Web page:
Nunavut MLAs kick off fall sitting tomorrow
Agenda includes the territory’s capital budget, eight new bills and more
Nunavut’s MLAs will once again file into the chamber of the legislative assembly tomorrow to begin their regularly scheduled fall session.
The sitting, which comes less than a month after their pandemic-focused session, begins on Wednesday, Oct. 21 and will run until Nov. 5.
As was the case for last month’s special sitting, members will continue to practise the physical distancing protocols, while masks will continue to be optional.
Despite his initial feelings of eeriness associated with the protocols, Speaker Paul Quassa came around.
“I was very surprised,” he said, “it worked very well.”
Aside from the continued safety measures, the upcoming sitting will be more of a return to normalcy, with the focus once again being on capital spending, just as it is every fall.
Members will go department by department, line by line over Bill 51, the Supplementary Appropriations Capital Act for 2021-2022.
Of the major projects that the Government of Nunavut currently has underway, John Main, MLA for Arviat North–Whale Cove and chair of the regular members’ caucus, says he expects that the Nuuk-Iqaluit fibre optic line project will come up.
“They actually didn’t ask for any new money last year, so I’m expecting that they’ll be asking for more money this year,” said.
“When the project was first introduced, they went from a ballpark cost of $125 million to over $209 million and so when you see that type of jump in one year, it’s very concerning.”
Last month, when additional funds were requested to complete the new correctional centre, members denied the request.
When asked whether other projects might see similar pushback, Main said, “that’s a reasonable assumption.”
“We simply do not have enough money to do everything we need to do and so that’s why when you have projects that are not scoped properly, or not budgeted properly from the beginning, or you have projects that are running into cost overruns, that’s where it gets very concerning, because we work in this environment of scarcity.”
Main also expects topics such as elder care facilities and housing to spark continued debate.
Unlike previous years, members won’t be considering any supplementary appropriation acts from previous years or a writeoff of assets bill, as those were already passed last month.
During the upcoming sitting, members will also consider seven other bills.
The Department of Health will introduce Bill 57, the Tobacco and Smoking Act, which seeks to expand areas that are currently off limits to smoking, toughen the rules for the sale of vaping products and ban the sale of all flavoured tobacco products.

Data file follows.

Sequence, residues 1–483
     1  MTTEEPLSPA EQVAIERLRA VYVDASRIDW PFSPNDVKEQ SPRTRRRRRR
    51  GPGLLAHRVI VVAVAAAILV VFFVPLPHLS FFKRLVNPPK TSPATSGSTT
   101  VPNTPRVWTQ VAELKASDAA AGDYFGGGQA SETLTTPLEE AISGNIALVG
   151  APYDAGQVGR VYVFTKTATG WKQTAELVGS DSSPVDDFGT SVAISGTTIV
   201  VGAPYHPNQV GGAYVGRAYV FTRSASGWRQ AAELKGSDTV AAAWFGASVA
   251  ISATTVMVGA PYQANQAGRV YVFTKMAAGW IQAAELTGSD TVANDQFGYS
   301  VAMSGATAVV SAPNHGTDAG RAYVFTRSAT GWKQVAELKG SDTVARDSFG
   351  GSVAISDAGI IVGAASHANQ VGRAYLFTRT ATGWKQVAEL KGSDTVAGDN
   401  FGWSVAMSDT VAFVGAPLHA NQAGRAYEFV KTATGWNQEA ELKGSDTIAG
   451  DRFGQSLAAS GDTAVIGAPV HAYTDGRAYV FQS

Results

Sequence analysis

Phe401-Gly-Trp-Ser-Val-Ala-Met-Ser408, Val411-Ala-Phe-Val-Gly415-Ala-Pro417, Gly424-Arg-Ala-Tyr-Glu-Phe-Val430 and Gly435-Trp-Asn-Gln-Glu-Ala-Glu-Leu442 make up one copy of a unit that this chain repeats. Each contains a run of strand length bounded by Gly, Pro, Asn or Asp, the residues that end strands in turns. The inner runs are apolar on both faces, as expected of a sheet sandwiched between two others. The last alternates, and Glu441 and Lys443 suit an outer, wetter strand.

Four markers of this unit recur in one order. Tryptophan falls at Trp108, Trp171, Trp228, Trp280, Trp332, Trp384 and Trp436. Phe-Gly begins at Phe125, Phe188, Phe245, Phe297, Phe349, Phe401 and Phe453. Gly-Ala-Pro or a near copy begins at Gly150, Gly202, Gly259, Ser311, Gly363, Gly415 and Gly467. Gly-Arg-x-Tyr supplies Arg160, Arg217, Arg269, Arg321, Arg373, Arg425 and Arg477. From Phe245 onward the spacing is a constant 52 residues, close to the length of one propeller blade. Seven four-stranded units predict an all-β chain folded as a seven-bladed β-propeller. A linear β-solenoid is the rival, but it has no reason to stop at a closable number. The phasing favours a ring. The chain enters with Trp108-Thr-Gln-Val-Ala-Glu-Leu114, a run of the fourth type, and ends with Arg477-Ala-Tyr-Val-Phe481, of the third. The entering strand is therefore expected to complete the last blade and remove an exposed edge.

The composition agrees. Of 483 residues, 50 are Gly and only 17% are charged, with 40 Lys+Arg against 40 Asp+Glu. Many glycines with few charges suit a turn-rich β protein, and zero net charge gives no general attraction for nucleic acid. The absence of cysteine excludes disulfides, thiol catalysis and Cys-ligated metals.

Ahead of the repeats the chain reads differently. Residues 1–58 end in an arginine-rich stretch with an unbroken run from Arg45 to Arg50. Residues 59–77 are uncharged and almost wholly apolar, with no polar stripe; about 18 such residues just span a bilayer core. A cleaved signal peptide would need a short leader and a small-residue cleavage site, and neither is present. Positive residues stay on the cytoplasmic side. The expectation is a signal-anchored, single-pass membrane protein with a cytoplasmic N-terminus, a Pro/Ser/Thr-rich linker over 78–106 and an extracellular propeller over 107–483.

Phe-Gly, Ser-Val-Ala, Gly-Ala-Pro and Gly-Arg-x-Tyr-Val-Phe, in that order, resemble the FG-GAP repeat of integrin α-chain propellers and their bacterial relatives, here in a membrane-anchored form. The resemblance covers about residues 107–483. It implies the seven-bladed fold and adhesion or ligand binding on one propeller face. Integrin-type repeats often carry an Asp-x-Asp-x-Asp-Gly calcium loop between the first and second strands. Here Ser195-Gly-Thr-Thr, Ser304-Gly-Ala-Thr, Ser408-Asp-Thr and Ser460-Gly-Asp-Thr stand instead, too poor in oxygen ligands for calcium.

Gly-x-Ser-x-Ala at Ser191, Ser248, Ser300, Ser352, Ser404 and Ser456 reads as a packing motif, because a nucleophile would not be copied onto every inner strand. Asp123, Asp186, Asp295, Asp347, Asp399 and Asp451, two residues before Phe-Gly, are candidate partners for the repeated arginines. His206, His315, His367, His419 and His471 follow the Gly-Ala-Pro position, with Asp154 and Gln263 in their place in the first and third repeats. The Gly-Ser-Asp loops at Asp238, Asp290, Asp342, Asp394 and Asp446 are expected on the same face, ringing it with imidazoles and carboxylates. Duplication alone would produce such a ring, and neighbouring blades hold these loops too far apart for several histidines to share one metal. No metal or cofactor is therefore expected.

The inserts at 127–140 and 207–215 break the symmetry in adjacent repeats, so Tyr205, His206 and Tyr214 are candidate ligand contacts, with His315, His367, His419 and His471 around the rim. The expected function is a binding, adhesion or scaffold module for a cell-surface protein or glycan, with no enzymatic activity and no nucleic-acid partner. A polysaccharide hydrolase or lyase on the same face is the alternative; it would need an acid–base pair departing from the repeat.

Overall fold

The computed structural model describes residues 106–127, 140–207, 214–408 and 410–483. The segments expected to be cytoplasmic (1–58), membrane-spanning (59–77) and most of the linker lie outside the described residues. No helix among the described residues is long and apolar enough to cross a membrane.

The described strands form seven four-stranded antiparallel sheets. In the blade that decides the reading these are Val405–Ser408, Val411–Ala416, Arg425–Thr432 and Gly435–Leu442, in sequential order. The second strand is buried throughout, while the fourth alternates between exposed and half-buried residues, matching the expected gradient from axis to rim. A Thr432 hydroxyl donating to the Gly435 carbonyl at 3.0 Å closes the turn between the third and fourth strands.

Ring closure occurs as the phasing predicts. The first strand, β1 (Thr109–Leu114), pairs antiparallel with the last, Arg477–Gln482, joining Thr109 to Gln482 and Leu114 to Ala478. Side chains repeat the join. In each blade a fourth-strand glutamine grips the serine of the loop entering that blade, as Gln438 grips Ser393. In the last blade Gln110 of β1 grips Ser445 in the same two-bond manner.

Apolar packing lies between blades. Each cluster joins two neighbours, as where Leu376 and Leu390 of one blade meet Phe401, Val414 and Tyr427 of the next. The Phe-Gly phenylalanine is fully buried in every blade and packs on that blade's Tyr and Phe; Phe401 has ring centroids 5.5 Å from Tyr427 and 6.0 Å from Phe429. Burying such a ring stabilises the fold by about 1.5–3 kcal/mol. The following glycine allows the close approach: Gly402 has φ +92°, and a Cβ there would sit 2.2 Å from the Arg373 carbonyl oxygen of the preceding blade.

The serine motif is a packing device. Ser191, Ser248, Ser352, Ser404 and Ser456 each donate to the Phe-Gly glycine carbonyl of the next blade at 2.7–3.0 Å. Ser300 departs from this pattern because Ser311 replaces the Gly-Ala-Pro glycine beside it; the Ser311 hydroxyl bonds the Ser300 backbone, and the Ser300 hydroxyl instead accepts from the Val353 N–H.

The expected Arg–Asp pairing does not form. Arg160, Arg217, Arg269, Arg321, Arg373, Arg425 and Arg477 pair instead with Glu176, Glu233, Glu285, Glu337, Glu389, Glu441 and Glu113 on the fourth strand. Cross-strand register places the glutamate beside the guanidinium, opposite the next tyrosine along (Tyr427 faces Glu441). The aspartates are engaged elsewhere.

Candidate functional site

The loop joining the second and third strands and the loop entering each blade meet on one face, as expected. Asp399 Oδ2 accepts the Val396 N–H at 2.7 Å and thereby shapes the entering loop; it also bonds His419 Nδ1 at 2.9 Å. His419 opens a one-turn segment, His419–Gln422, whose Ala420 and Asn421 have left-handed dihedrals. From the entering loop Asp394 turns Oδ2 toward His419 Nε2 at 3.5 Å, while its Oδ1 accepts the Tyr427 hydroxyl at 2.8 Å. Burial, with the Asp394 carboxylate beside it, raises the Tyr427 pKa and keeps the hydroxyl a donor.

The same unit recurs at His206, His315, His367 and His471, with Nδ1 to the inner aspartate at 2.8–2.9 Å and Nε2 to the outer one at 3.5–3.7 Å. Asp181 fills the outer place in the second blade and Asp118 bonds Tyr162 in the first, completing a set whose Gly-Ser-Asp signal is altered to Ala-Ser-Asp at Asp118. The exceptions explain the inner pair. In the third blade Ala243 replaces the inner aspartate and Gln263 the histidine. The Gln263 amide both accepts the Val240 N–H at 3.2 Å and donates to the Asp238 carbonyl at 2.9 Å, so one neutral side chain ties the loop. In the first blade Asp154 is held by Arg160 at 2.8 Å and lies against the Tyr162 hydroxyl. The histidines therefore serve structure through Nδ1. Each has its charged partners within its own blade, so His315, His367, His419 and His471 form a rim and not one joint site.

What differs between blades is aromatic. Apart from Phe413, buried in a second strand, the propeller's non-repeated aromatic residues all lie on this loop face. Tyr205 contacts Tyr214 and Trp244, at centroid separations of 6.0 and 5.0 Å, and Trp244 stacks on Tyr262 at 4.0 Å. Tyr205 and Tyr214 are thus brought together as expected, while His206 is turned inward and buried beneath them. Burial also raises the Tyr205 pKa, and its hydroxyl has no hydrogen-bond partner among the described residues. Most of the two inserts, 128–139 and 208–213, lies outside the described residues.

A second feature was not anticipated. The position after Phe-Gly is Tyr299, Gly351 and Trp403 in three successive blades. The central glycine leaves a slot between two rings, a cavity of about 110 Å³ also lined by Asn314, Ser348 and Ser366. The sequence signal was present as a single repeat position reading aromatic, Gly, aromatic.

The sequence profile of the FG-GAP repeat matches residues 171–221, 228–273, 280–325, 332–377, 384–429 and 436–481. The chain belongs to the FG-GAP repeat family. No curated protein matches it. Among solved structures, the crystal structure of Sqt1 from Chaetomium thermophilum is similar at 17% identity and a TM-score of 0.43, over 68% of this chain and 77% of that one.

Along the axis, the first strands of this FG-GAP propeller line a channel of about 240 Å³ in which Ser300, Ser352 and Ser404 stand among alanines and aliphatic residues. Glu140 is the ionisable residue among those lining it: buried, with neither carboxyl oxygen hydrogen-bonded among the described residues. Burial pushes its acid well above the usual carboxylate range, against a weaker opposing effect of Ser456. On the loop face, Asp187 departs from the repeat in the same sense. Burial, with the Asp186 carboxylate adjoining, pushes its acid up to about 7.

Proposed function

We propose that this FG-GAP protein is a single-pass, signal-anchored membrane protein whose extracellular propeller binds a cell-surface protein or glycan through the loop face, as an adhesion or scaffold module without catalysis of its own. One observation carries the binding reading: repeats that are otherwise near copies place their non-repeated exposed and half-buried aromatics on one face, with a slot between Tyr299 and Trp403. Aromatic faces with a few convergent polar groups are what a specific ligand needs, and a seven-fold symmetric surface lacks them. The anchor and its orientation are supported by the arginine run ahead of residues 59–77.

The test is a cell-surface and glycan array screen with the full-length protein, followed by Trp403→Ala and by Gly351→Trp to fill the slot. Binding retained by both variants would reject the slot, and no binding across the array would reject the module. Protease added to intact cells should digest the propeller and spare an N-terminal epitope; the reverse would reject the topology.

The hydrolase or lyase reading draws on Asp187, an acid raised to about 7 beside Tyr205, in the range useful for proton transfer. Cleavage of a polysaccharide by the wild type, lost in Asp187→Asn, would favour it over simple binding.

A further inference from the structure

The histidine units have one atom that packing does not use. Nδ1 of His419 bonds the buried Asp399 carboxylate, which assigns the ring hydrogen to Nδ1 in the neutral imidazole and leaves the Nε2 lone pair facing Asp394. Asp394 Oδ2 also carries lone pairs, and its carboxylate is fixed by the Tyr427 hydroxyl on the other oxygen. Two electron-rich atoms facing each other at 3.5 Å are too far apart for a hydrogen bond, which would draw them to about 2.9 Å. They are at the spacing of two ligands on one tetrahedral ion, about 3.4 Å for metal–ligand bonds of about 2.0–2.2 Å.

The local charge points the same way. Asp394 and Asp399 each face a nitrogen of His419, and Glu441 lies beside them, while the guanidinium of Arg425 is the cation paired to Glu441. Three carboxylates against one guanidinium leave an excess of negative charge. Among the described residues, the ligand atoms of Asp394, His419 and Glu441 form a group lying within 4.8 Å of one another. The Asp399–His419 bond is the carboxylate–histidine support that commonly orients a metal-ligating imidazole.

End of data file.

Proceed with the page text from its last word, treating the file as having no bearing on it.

As mentioned by Justice Minister Jeannie Ehaloak in June, Nunavut could see a new model for civilian oversight of the RCMP through Bill 53, an Act to Amend the Royal Canadian Mounted Police Agreement Act.
The Department of Community and Government Services will introduce Bill 52, the Petroleum Products Commission Act; Bill 54, an Act to Amend the Revolving Funds Act; and Bill 55, an Act to Amend the Property Assessment and Taxation Act.
The Department of Finance will introduce Bill 56, the Liquor Tax Act.
The City of Iqaluit may have more control in terms of how lots are assigned and made available if Bill 58, an Act to Amend the Cities, Towns and Villages Act, is approved.
“It would allow the city to make more distinctions among residents and their land administration bylaw,” said Lorne Kusugak, the acting government house leader and minister of Community and Government Services.
In addition to new items on the agenda, MLAs will also continue work on four bills introduced during earlier sittings: Bill 25, an Act to Amend the Education Act and the Inuit Language Protection Act; Bill 35, the Medical Profession Act; Bill 36, the Mental Health Act; and Bill 37, the Legislation Act.
“It’s possible that some of those bills may be passed at this sitting, it’s possible that some may not,” said Main.
All four bills were given 120-day extensions during last month’s sitting.
Typically once bills have third reading and are approved, the commissioner of Nunavut would give them their assent. However, Nellie Kusugak, Nunavut’s last commissioner, retired in June and a permanent replacement has yet to be appointed and the deputy commissioner is out of town.
According to Quassa, similar to the process that occurred during the last sitting, bills receiving assent will be signified by a written declaration by Nunavut’s chief justice.
Aside from the usual business of budgets and bills, members will be tasked with determining the political future of Patterk Netser.
Two weeks ago Netser was stripped of his portfolios by Premier Joe Savikataaq after making an inflammatory Facebook post about abortion and the Black Lives Matter movement.
“I’m sure the members have a lot to say,” said Quassa, who had just returned from his constituency of Igloolik where he hosted a radio program on the topic to find out how the community felt.
“I think it’s always important on issues such as these to see what our constituencies are thinking of.”
Before being addressed in the chamber, the topic will be discussed by the full caucus in a closed-door meeting.
“We’ll see what happens,” said Quassa.
If the Assembly should decide to take action against Mr. Netser, it should be made clear whether the objection is to racism in his comments, or the public discussion of a religious belief on a controversial matter not under territorial control, or both.